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Dead Dudes Project

Mr. Middleton- 8th Period
by

Brianna Walker

on 26 September 2012

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Transcript of Dead Dudes Project

Historical Contributions (1766-1844) John Dalton 2005 2002 March (cc) image by jantik on Flickr 1766 1915 Dalton’s Atomic Theory(Proposed in 1803):
• Matter is composed of small particles called atoms.
• Atoms are indivisible & indestructible.
• Atoms of a given element are identical in mass and chemical properties.
• Different atoms combine in simple whole # ratios to form compounds.
• Atoms are separated, combined or rearranged in a chemical reaction. (1856-1940) J.J Thomson Cathode Ray: Thomson came up with the initial idea for the structure of the atom, postulating that it consisted of these negatively charged particles swimming in a sea of positive charge. His pupil, Rutherford, developed the idea and came up with the theory that the atom consisted of a positively charged nucleus surrounded by orbiting tiny negative particles, which he called electrons.
Plum Pudding Model: In 1911, Ernest Rutherford performed an experiment to test the plum pudding model. He fired energetic a [He2+] particles at a foil, and measured the deflection of the particles as they came out the other side. From this he could deduce information about the structure of the foil. If the mound were made of loose, powdery snow, the bullets would be deflected very little; if the bullets were deflected wildly, we might guess that there was a brick of hard material inside.
Rutherford expected all of the particles to be deflected just a bit as they passed through the plum pudding. Occasionally, however, particles were scattered at huge angles. While most of the a’s were undisturbed, a few of them bounced back directly. With this experiment, Rutherford discovered the nucleus. (1871-1937) Ernest Rutherford Gold Foil Experiment: In 1911, Ernest conducted experiments in which he aimed a beam of alpha particles (positively charged helium nuclei) at thin sheets of gold. The fact that a few particles were deflected almost directly backwards revealed that the positive charge of an atom, along with nearly all of the atom’s mass in concentrated in s very small region in the center of the atom, the nucleus. (1885-1962) Niels Bohr In 1913 Bohr proposed his quantized shell model of the atom to explain how electrons can have stable orbits around the nucleus. The motion of the electrons in the Rutherford model was unstable because, according to classical mechanics and electromagnetic theory, any charged particle moving on a curved path emits electromagnetic radiation; thus, the electrons would lose energy and spiral into the nucleus. To remedy the stability problem, Bohr modified the Rutherford model by requiring that the electrons move in orbits of fixed size and energy. The energy of an electron depends on the size of the orbit and is lower for smaller orbits. Radiation can occur only when the electron jumps from one orbit to another. The atom will be completely stable in the state with the smallest orbit, since there is no orbit of lower energy into which the electron can jump.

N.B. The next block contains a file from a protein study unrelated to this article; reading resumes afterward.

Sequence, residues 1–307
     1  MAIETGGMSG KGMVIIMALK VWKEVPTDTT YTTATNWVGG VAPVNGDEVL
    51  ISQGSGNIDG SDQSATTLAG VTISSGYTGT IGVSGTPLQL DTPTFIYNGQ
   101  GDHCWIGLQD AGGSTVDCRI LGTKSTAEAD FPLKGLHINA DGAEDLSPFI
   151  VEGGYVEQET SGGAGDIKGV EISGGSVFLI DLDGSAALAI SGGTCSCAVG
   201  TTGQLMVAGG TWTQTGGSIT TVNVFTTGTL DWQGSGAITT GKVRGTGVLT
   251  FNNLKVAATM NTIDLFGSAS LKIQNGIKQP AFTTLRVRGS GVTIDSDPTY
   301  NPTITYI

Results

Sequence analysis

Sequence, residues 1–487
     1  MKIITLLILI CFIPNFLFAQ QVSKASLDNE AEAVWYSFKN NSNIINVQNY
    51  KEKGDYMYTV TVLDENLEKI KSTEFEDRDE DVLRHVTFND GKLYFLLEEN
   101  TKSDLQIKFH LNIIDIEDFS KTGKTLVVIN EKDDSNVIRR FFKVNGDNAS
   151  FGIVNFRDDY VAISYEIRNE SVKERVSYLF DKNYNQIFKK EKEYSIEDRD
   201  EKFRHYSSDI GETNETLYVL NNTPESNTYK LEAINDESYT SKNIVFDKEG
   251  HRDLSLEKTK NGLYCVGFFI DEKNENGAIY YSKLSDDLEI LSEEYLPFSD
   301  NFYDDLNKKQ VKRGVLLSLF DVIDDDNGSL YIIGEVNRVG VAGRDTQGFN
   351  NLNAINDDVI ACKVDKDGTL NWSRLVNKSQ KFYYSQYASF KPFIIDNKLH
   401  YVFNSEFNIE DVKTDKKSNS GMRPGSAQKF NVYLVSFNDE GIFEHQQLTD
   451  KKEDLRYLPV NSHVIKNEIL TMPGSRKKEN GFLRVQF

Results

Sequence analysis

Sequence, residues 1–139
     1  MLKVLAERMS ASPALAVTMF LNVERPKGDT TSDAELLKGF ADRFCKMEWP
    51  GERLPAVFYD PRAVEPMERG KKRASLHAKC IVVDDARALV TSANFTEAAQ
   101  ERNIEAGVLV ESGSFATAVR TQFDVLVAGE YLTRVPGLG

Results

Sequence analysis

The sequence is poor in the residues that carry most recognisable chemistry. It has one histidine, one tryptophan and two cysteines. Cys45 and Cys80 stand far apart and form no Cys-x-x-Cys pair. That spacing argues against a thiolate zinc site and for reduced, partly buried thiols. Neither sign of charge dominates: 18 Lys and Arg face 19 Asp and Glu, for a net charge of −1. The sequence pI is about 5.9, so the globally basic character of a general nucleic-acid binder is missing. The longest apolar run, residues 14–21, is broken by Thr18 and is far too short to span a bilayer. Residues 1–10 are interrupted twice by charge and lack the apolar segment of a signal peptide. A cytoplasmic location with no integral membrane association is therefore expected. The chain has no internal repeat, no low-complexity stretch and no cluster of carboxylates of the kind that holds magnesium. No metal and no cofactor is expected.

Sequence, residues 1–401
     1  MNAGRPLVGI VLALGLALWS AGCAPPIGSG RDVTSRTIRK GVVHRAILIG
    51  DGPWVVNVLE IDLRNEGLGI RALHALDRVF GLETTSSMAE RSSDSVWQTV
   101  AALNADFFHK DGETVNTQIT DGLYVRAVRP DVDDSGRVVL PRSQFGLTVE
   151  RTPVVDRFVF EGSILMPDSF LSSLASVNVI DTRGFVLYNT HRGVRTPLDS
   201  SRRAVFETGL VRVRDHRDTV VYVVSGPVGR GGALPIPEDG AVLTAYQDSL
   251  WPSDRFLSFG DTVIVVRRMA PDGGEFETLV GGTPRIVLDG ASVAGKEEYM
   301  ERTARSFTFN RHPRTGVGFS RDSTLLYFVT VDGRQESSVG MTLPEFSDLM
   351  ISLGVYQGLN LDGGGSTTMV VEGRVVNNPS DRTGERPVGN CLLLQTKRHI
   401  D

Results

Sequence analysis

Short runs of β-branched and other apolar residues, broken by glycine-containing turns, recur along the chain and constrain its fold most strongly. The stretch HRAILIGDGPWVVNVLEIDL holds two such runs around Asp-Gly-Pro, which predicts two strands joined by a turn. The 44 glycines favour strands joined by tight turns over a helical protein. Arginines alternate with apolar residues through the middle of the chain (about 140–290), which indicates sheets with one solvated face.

He received the Nobel Prize for Physics in 1922. Bohr's Model of the Atom (1887-1961) Erwin Schrodinger In 1935, Erwin Schrödinger attempted to criticize the Copenhagen Interpretation with and illustrated example of a cat in a box that aimed at the explanation of the paradoxical nature of the theory.
Imagine a steel chamber in which there is a cat on one side and on the other side of a partition there is a device with deadly poison. If even a single atom of the poison decays during the test period, the device will release the poison and kill the cat. The observer cannot know whether or not an atom of the substance has decayed, and can't know if the cat is dead or alive. Rather than successfully critiquing the Copenhagen Interpretation, he showed that according to quantum law, the cat is both dead and alive. Only when the chamber is opened does the cat become either dead or alive. Therefore, things exist in a state of equanimity until an observer imposes a defined state of being. Schrodinger Model (1834-1907) Dmitry Mendeleev In 1914, Henry Moseley learned you could experimentally determine the atomic numbers of elements. Before that, atomic numbers were just the order of elements based on increasing atomic mass. Mendeleev's table was also based upon his Periodic Law, which stated that when elements are arranged by increasing atomic number, there is a periodic repetition of similar chemical and physical properties. Once atomic numbers had significance, the periodic table was reorganized, and it was no longer placed by increasing atomic mass, even though it may seem like it.
3 main ideas:
1.They were grouped into columns called periods.
2. They were grouped into rows called groups or families.
3. The atomic weight differed between the elements. Henry Moseley (1887-1915) In 1914, Henry Moseley learned you could experimentally determine the atomic numbers of elements. Before that, atomic numbers were just the order of elements based on increasing atomic mass. Mendeleev's table was also based upon his Periodic Law, which stated that when elements are arranged by increasing atomic number, there is a periodic repetition of similar chemical and physical properties. Once atomic numbers had significance, the periodic table was reorganized, and it was no longer placed by increasing atomic mass, even though it may seem like it. "Modern Day" Periodic Table
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